Second year post-construction monitoring of bats and birds at Wind Turbine Test Centre Østerild

Report

Title: Second year post-construction monitoring of bats and birds at Wind Turbine Test Centre Østerild
Publication Date:
June 01, 2017
Document Number: No. 232
Pages: 142
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Document Access

Website: External Link
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Citation

Therkildsen, O.; Elmeros, M. (2017). Second year post-construction monitoring of bats and birds at Wind Turbine Test Centre Østerild. Report by Aarhus University. pp 142.
Abstract: 

The Department of Bioscience, Aarhus University was commissioned by the Danish Nature Agency to undertake a bat and bird monitoring programme of a national test centre for wind turbines near Østerild in Thy, Denmark. Here we present the results from the second and final year of the post-construction studies. A total of ten bat species were recorded in 2013-2014. Species composition and occurrence were comparable to the results obtained during the pre-construction survey in 2011. Bats were recorded at all turbine sites and on all nights at surveyed ponds and lakes. Overall, the bat activity level decreased from 2013 to 2014 to the levels recorded in 2011. Bat activity was higher near the wind turbines than at nearby forest edges. Bat activity at the turbines was correlated to aggregations of insects on the turbine towers, which suggest that bats exploit the food resources that accumulate on the turbine towers on some nights. Nathusius’ pipistrelles and noctules were recorded at nacelle height. Two dead Nathusius’ pipistrelles were found in 2014 at the southern turbine situated in forest. Whooper swan, taiga bean goose, pink-footed goose, common crane, light-bellied brent goose, white-tailed eagle and nightjar were included as focal species in the ornithological investigations. In addition, species specific data on all bird species occurring regularly in the study area were collected. On the basis of this final assessment of collision risk, the potential impacts of the combined structures on the bird species occurring in the study area were considered unlikely to be significant. We recommend that the mortality related to human developments on the white-tailed eagle, common crane and nightjar populations, particularly the impact of the continued development of wind energy in the region, is closely monitored in the future.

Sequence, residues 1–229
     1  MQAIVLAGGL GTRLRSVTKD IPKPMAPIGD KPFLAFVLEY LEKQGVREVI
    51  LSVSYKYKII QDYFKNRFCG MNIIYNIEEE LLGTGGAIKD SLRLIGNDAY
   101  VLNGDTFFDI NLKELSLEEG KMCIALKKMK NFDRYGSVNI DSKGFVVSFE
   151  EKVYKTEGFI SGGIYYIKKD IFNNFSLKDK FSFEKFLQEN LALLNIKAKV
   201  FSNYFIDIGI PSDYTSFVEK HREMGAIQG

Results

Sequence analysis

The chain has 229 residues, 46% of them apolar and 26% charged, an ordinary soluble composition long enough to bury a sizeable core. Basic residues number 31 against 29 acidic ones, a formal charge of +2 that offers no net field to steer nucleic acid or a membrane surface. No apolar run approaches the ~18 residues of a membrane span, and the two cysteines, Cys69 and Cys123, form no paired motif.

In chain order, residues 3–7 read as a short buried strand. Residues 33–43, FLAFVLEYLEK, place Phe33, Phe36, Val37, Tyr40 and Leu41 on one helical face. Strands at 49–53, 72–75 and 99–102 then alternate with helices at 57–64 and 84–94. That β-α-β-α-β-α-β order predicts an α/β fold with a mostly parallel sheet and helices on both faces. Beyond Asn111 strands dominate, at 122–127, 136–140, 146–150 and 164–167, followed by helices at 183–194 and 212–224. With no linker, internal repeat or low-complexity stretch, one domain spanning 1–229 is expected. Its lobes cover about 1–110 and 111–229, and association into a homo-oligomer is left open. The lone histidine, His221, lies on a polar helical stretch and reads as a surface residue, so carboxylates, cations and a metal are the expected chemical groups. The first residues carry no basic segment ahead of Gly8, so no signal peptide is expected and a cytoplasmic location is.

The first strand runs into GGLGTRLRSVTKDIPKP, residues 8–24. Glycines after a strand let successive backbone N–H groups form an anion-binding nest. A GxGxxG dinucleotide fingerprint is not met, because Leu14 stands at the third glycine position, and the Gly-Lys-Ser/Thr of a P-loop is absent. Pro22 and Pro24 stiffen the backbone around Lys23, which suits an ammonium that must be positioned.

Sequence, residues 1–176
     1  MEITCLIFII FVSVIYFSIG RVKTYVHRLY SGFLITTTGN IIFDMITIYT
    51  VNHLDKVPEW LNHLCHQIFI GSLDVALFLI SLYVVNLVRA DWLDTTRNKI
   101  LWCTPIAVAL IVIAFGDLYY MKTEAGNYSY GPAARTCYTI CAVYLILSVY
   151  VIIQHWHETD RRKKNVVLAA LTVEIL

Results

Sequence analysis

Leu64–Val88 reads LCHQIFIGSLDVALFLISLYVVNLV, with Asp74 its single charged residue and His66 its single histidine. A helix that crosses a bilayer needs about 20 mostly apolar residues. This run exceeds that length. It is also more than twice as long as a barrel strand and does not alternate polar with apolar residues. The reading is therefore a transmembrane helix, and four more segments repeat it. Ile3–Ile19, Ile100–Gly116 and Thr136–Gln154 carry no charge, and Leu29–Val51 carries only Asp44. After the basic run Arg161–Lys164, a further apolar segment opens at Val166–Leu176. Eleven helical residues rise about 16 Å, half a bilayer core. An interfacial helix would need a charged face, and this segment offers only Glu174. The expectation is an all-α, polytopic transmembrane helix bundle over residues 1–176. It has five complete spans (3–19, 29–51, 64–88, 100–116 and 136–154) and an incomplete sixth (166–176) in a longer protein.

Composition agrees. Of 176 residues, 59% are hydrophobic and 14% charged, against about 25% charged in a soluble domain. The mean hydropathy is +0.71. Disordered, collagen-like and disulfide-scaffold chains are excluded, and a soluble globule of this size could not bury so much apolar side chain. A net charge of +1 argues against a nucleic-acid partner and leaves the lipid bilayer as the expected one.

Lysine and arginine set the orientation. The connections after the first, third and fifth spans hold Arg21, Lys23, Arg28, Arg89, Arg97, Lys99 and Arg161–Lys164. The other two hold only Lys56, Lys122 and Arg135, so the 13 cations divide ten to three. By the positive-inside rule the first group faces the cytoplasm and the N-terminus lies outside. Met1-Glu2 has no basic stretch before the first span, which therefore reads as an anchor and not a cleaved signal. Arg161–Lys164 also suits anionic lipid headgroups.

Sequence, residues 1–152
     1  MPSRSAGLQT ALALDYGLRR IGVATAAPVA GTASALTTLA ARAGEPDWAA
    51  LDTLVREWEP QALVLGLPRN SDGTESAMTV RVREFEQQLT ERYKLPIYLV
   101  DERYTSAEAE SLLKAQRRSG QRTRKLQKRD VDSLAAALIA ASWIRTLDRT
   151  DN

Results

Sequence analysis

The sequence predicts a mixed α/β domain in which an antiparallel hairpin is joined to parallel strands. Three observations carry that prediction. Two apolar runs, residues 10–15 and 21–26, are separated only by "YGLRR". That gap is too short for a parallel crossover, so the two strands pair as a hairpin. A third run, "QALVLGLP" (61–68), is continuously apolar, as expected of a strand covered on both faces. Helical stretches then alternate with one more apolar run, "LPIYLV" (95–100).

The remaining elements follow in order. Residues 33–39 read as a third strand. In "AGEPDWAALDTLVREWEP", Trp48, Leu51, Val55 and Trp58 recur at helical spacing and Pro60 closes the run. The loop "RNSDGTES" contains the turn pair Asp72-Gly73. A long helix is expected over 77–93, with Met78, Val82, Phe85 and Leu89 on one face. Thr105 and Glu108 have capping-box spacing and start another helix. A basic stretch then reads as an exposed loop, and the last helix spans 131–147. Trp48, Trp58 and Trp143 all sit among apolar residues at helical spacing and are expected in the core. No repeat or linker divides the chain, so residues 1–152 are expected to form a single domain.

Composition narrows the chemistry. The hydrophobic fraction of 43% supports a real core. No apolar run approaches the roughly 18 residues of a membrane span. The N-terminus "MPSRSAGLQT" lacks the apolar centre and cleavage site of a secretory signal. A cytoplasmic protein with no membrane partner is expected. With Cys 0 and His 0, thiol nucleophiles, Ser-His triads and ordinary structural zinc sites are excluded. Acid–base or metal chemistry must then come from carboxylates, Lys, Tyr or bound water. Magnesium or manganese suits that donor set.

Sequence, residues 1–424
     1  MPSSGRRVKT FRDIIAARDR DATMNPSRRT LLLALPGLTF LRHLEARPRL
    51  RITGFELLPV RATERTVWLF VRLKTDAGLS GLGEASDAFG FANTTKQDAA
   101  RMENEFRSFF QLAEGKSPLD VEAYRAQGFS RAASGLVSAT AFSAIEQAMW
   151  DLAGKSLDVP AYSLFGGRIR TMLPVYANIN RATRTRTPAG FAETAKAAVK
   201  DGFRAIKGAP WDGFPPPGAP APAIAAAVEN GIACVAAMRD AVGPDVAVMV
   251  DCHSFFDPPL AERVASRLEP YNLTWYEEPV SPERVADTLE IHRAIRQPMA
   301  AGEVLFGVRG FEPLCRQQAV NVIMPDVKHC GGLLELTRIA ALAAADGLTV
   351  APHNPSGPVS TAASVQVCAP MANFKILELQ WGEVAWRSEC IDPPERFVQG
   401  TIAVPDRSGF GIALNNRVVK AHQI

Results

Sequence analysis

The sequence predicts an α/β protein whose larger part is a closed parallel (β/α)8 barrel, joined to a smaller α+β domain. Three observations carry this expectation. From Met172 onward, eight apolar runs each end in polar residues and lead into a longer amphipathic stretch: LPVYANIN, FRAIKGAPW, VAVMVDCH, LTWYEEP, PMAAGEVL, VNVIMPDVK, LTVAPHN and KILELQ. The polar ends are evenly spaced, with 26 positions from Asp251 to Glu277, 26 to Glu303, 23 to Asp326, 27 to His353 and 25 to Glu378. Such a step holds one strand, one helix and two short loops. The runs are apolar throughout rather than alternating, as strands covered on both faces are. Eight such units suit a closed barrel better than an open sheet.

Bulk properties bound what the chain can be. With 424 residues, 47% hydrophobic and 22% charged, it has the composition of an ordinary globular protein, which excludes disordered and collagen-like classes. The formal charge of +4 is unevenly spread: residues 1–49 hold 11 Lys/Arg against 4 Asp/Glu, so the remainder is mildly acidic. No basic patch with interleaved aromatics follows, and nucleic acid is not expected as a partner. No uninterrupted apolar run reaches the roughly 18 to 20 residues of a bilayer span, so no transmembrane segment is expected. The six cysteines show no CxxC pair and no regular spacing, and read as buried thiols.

Contents:

  • Part A: Bats (Authors: M. Elmeros, J. Moller, & H. Baagoe) - pg. 19
  • Part B: Birds (Authors: O. Therkildsen, T. Balsby, R. Nielsen, L. Haugaard, & J. Kjeldsen) - pg. 47
  • Appendicies and Tables - pg. 128
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